“Overall, the Index reveals that firms which have continued to invest in building their brands and market positions, despite the economic downturn, are reaping the rewards.”

Huh?

Let’s look back at the reasons for success.  Front of mind awareness driven by a strong track record for performance, client relationship development and providing them with what they need and want.

In short, relationships.  Brand isn’t about logos and flashy marketing campaigns.  These firms could never sponsor or advertise again.  They could probably even kill off their websites (certainly the services and sectors pages).  Yet they’d still have the brands that make them different from each other.  It’s become a bit of a mantra to us, here at EC Towers but we say it again.  By virtue of the fact that you are a Top 50 firm, clients and prospects assume that you know the law.  But what they don’t know (and decide upon) is whether they like your people and their approach to doing business.  Whether they trust you and want to work with you.  Whether they like the way you deliver your services and work with them.  That’s what your brand is all about.

Perhaps seemingly stating the obvious, Managing Partner magazine said of the report, “Law firms that are strongly differentiated and have clear offerings and identities are most able to succeed in the highly competitive UK legal market.”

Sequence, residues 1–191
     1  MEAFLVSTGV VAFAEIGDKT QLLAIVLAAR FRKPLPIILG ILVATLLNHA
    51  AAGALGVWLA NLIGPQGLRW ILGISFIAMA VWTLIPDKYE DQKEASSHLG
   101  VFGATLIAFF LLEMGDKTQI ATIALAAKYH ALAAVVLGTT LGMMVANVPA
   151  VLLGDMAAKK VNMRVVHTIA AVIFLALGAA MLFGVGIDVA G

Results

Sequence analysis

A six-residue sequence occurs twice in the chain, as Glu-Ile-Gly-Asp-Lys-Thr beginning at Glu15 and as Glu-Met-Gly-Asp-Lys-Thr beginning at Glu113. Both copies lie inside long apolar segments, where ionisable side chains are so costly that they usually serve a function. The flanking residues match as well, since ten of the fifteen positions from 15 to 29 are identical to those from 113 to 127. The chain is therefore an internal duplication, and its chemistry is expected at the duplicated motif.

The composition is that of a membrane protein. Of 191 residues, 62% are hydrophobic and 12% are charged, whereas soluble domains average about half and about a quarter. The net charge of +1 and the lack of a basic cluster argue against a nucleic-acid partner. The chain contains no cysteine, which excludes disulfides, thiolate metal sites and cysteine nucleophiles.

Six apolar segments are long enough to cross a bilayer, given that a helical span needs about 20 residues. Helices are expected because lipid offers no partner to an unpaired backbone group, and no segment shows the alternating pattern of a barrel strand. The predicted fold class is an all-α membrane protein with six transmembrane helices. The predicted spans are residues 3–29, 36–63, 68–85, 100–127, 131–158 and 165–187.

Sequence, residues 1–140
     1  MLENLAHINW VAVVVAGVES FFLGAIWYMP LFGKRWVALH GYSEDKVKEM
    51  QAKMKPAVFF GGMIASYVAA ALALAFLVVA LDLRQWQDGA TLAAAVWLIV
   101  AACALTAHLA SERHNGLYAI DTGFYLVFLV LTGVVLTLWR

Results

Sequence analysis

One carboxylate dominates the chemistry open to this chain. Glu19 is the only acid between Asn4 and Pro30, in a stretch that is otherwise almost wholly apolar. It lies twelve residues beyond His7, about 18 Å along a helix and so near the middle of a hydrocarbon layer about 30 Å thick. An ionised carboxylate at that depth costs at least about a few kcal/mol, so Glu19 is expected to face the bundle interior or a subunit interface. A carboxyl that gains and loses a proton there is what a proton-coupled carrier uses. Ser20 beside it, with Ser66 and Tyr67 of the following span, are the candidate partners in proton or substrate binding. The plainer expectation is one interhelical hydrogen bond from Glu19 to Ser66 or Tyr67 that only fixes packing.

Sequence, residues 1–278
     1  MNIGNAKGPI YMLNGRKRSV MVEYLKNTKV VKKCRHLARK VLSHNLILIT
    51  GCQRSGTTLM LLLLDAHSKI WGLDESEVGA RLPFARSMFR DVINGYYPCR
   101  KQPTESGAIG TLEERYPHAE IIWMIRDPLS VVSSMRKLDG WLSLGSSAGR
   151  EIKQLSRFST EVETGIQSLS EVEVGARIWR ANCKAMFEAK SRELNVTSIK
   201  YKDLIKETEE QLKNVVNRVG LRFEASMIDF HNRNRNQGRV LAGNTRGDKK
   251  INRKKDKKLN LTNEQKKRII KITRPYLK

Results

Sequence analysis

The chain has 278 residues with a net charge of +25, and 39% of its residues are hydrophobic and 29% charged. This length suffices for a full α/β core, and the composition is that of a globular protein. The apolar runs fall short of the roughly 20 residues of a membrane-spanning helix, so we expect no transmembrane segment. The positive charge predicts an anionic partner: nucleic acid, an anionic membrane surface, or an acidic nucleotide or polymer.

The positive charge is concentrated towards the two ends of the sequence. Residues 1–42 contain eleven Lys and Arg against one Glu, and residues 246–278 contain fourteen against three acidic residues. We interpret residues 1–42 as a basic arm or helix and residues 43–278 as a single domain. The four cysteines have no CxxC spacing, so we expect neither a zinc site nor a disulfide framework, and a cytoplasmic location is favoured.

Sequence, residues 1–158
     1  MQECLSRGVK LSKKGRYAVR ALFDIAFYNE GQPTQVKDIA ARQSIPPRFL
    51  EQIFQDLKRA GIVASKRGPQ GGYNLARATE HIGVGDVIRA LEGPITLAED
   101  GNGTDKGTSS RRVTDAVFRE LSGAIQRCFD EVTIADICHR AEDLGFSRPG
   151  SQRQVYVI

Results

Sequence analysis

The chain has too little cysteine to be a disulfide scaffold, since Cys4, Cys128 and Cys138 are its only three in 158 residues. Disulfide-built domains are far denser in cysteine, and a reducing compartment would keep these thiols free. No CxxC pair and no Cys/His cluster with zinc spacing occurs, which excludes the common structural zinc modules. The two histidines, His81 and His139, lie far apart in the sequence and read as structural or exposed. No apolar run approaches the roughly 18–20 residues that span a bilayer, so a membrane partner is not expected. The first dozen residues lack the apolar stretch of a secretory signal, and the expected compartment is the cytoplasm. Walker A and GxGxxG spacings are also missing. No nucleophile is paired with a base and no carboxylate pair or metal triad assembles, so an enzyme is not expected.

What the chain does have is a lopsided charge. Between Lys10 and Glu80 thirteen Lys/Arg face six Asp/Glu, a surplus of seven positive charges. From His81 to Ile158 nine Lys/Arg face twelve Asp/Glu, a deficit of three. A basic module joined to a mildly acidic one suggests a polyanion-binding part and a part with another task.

Looking at both the US and UK 2014 reports what they meant by that was the firms that had listened to their clients, focused on relationships and invested in people had built strong brands.

Having a wide range of tactical services that you provide is not the same as having clear offerings.  Clear offerings means having worked out what clients need and want and then delivering it.  It’s understanding what’s valuable to them.  Importantly, it means having communicated it in a way that demonstrates that you think and work in the way that client wants you to.  They you’re on the same page as them.

Communicating this strong brand lies first and foremost in the way your people conduct themselves.  That means professionally during transactions but also through their marketing, client care and other interactions.  Does a consistent culture and approach shine through?  Do clients get the same service irrespective of service area or seniority?  Does everyone from the receptionist through to the Managing Partner deliver the same level of value, consistently to clients?  Is the language you all speak genuinely the same and grounded in action and belief? Could your clients tell you what it is that makes that firm so special?  And would the firm listen and use this information if they were told? That’s branding.

So, can Top 50 law firms differentiate on brand.  Of course they can.  Because irrespective of whether you’re a Top 50 firm or a one-man-band, your brand is the sum total of the people involved in the firm.  The differentiation lies in recognising this, articulating it and using it to underpin growth, innovation, client relationship management and service offering.